# Why are only the Lagrangian and Hamiltonian used in mechanics? [duplicate]

Why is it that we have a closed set of four functions, connected by Legendre transforms, in thermodynamics but nobody ever mentions but two of the corresponding functions in mechanics?

I've read that the Lagrangian L(q, q') corresponds to the tangent bundle of the configuration space in differential geometry, while the Hamiltonian H(p, q) corresponds to the cotangent bundle. If we call the mystery functions in mechanics X(p, p') and Y(p', q'), what do they correspond to in differential geometry?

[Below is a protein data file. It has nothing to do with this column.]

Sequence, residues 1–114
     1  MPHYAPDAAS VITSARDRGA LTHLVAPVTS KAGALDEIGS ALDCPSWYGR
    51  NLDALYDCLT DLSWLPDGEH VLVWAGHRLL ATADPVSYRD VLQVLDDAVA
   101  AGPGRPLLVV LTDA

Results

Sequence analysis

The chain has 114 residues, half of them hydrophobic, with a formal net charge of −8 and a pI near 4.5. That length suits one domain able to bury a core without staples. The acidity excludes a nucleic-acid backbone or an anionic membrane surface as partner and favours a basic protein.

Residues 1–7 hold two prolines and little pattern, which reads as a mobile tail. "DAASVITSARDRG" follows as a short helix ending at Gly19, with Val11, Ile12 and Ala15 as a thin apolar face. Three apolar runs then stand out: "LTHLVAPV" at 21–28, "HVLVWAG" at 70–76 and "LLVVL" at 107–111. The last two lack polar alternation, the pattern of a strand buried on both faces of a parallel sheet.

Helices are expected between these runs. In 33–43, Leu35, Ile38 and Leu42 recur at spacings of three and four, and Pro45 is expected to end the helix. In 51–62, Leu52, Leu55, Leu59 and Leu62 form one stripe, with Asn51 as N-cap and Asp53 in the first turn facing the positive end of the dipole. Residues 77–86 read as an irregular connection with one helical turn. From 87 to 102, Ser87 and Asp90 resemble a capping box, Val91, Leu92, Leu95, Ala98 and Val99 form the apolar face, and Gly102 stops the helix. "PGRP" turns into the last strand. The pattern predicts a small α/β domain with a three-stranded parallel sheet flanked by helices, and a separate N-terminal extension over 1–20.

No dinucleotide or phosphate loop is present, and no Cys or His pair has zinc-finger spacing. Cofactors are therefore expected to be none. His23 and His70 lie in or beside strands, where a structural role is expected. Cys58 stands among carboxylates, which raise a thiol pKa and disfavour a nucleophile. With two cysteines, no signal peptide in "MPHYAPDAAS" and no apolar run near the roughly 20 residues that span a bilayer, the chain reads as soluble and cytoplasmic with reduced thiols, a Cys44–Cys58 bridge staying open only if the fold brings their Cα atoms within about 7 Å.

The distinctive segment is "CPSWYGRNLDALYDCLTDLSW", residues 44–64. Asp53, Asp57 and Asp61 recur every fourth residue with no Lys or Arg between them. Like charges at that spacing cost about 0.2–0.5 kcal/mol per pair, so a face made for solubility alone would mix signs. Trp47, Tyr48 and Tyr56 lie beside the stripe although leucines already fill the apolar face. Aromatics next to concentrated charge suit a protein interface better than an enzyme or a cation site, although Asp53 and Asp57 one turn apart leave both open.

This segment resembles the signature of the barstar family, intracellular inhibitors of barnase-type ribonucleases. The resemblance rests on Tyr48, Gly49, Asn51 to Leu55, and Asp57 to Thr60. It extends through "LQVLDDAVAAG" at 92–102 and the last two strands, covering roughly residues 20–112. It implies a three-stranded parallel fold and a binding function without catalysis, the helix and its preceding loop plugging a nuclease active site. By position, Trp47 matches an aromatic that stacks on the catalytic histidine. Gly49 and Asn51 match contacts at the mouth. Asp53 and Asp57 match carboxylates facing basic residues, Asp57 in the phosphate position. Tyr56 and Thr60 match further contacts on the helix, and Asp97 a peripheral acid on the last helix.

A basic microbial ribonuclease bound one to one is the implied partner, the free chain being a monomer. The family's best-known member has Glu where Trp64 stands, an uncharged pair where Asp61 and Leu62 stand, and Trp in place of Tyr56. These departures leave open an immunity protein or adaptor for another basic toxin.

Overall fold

Note that is order to get an exact one-to-one correspondence with the thermodynamic functions, with all of the plus and minus signs coming out the same, it is necessary to re-define the Lagrangian as L=V-T, instead of the conventianal L=T-V.